Many things set motorcycles apart from cars, trucks, and SUVs. Motorcycles are typically less expensive to buy and maintain. Fill-ups at the gas station are cheaper, too. Many bikers feel a special sense of community and fellowship with other riders, and motorcycles are just plain fun.
Like any responsible driver, learning the rules of the road is imperative to enjoying a cruise on your Harley. Read on to learn everything you need to know about motorcycle laws.
How do I know what my state’s motorcycle laws are?
Your state’s Department of Motor Vehicles (DMV) is the best resource for up-to-date information on motorcycle laws. The website USA.gov maintains a list of each state’s official DMV website.
Some third-party websites use the phrase “DMV” in their website name or URL but are not government websites. These unofficial websites may contain inaccurate or outdated information.
And if you plan a road trip, be aware that laws vary from state to state. Research the laws before you hit the road so you stay compliant and avoid fines or other penalties.
Motorcycle license requirements
First things first: you can’t just buy a motorcycle and hop on, even if you already have a regular driver’s license. You’ll need to obtain a special motorcycle license or endorsement, which involves a few steps.
Depending on your state’s laws, you may need to:
- Apply for a learner’s permit
- Take a written test
- Enroll in a motorcycle class
- Practice a set number of hours
- Take a skills test
Younger motorcycle operators often anyone under 18 may have stricter or different requirements.
In West Virginia, you can either obtain a motorcycle endorsement on your driver’s license or receive a motorcycle-only license. First, you must take a knowledge test to obtain your learner’s permit. You can then either take an on-cycle skills test or complete an approved Motorcycle Safety Course.
Motorcycle helmet laws
According to the IIHS, each state’s motorcycle helmet requirement falls into one of three categories:
- No helmet laws
- Helmets are required for certain ages
- Helmets are mandatory for everyone, regardless of age
In some states, certain two-wheeled vehicles are exempt from the helmet laws, including mopeds and motorcycle bicycles. Riders should know how their state classifies their vehicle and what the relevant laws are for that vehicle.
A few states also have separate helmet laws for operators who have a learner’s or instructional permit or are newly licensed.
States with no helmet laws
Currently, three states do not have any laws that require a motorcycle rider to wear a helmet: New Hampshire, Iowa, and Illinois.
States with helmet laws for certain ages
At a minimum, all states except New Hampshire, Iowa, and Illinois require helmets for riders who are 17 years of age and younger. In many states, that requirement extends to 18 or 20 years of age. In Missouri, the law requires all riders under the age of 26 to wear a helmet.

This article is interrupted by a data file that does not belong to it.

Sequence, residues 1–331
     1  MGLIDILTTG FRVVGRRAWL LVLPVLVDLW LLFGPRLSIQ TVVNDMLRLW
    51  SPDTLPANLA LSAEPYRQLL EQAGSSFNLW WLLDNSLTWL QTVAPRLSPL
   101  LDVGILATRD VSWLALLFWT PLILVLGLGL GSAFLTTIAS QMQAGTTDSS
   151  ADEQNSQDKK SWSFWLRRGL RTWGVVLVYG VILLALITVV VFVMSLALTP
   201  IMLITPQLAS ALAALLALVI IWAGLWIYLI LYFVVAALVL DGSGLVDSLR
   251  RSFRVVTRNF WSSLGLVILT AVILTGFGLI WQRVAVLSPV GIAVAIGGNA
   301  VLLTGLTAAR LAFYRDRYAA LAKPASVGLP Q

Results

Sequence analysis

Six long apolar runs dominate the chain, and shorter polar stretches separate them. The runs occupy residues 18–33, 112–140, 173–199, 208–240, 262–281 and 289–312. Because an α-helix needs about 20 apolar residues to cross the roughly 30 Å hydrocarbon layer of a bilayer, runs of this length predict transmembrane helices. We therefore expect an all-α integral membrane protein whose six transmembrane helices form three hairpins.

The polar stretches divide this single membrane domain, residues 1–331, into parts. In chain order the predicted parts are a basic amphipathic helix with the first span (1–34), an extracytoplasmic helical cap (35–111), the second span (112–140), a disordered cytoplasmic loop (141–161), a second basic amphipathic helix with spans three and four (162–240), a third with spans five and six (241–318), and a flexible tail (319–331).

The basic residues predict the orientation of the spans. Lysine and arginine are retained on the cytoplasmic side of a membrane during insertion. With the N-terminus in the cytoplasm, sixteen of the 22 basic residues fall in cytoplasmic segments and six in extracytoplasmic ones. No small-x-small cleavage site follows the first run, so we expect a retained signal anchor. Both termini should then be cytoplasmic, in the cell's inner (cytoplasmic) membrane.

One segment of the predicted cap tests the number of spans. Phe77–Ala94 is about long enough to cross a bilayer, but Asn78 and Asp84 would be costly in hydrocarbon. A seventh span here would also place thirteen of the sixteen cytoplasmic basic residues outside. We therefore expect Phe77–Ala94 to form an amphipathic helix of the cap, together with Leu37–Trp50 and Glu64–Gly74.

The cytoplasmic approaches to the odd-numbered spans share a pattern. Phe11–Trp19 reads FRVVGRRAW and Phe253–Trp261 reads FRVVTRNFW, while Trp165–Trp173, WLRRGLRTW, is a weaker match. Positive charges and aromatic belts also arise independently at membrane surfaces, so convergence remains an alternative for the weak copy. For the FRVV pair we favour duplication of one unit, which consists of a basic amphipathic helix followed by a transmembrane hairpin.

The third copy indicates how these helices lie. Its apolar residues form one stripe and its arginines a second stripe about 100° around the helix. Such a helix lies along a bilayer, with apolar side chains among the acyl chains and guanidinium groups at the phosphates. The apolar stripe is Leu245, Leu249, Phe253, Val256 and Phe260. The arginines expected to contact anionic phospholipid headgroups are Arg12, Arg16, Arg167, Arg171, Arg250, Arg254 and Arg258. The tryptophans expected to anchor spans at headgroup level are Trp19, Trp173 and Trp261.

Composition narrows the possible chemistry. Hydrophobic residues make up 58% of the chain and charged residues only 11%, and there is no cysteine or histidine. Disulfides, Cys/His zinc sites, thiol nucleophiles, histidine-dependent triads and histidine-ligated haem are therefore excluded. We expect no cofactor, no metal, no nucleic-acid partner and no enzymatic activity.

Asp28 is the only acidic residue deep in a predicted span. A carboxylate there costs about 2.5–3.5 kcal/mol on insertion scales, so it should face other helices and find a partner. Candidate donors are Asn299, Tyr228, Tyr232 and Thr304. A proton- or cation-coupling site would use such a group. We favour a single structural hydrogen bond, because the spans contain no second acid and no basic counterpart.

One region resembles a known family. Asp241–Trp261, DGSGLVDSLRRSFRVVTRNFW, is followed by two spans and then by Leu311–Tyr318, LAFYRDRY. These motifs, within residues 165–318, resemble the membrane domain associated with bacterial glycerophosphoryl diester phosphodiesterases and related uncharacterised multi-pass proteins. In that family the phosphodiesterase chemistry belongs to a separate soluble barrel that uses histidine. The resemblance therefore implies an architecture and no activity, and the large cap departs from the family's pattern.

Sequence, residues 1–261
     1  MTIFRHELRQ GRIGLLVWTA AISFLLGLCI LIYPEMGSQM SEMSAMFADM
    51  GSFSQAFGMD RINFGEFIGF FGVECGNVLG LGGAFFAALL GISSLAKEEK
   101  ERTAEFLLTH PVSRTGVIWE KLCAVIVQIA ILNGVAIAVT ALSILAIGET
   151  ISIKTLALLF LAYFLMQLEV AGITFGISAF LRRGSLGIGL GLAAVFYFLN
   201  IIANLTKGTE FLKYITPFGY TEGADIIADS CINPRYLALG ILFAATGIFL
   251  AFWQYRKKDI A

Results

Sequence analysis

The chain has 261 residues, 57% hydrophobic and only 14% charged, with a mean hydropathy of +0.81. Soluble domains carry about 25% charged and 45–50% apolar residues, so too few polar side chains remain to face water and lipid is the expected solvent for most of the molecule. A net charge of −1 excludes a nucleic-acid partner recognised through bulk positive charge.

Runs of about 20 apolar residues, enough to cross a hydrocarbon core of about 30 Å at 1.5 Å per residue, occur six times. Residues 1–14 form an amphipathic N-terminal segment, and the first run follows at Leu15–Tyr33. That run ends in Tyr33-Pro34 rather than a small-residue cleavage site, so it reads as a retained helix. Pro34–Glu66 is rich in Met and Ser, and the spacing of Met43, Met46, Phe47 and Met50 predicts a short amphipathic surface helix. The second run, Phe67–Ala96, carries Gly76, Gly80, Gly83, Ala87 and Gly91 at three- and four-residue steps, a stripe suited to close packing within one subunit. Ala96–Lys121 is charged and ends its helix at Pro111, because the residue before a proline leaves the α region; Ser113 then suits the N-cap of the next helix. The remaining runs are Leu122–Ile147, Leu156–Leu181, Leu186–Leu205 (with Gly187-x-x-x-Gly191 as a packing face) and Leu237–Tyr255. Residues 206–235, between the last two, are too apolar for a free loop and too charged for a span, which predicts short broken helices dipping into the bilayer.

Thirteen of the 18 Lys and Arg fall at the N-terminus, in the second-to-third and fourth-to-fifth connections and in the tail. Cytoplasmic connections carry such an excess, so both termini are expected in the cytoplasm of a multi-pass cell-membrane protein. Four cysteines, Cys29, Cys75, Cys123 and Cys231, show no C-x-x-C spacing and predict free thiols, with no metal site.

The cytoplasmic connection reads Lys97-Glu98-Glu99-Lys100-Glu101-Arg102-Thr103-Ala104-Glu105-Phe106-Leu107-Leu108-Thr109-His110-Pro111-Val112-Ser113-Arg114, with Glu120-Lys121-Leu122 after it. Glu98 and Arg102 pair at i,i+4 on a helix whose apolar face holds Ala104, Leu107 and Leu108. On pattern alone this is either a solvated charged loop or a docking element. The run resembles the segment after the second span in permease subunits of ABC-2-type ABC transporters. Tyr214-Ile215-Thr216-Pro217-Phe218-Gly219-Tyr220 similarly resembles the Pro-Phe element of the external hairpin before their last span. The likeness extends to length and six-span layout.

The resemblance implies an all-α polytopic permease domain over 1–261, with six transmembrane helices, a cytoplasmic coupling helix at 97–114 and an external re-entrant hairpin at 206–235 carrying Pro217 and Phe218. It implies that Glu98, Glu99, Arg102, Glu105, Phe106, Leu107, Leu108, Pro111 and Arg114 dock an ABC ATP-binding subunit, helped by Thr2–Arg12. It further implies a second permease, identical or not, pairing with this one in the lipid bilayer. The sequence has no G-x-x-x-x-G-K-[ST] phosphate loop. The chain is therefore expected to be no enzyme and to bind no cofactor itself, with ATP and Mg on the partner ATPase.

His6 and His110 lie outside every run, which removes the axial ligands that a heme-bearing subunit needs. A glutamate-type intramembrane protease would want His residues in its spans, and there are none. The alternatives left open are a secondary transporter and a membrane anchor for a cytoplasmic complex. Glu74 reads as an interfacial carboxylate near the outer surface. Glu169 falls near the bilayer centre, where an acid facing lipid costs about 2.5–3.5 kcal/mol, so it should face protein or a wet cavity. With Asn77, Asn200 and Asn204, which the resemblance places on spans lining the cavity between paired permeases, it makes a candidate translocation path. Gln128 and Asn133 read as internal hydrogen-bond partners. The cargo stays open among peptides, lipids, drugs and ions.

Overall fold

States with helmet laws for all motorcycle riders
In several states, including West Virginia, motorcycle helmets are mandatory for all riders, regardless of age. Some helmets on the market are so-called novelty helmets and do not offer protection in the event of a crash. Under West Virginia Code §17C-15-44, the state requires that all motorcycle helmets meet certain safety standards:
“Any helmet worn by an operator or passenger shall meet the current performance specifications established by the American National Standards Institute Standard, Z 90.1, the United States Department of Transportation Federal Motor Vehicle Safety Standard No. 218 or Snell Safety Standards for Protective Headgear for Vehicle Users.”
Motorcycle DUI laws
It’s a myth that there are different penalties for a motorcycle DUI. Motorcycle operators must abide by their state’s DUI laws or face the same repercussions as any other car or truck on the road.
In West Virginia, according to §17C-5-2, all motor vehicle operators are in an “impaired state” if they:
- Are under the influence of alcohol, a controlled substance, or any other drug, or
- Have a blood alcohol concentration (BAC) of 0.08 or greater
Motorcycle DUI penalties
The penalties for a DUI vary greatly from state to state. Anyone who operates a motorcycle while under the influence could face:
- Jail time
- Monetary fines
- License suspension or revocation
- Required ignition interlock device installation
For many people, a DUI conviction means that their motorcycle will be parked for a while. That’s because, in most states, a motorcycle license is an endorsement on a regular driver’s license. A license suspension or revocation applies to all motor vehicles, including motorcycles.
Furthermore, many ignition interlock suppliers will not install devices on a motorcycle.
Motorcycle insurance laws
Motorcycle insurance isn’t just a good idea; in 49 states, the law requires it. According to the Insurance Information Institute (III), New Hampshire is the only state where insurance isn’t mandatory. In some states, you must show proof of insurance before you can register your motorcycle and receive your license plates.
The West Virginia DMV states that motorcyclists must have, at a minimum, 25/50/25 insurance coverage:
- $25,000 for one crash, one injury”
- $50,000 for one crash, two or more injuries”
- $25,000 for property damage
In addition, motorcycle operators in West Virginia must carry proof of insurance with them at all times.
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Seasonal insurance coverage
In some parts of the country, motorcycle owners store their bikes during the winter. Some states may permit you to insure your motorcycle during the months that you ride it, and then drop coverage while your bike is in storage.
If you carry seasonal insurance on your motorcycle, you may need to notify your state’s DMV. In West Virginia, motorcycle owners must submit a Seasonal Statement of Insurance (WV-4B) before they stop their insurance coverage.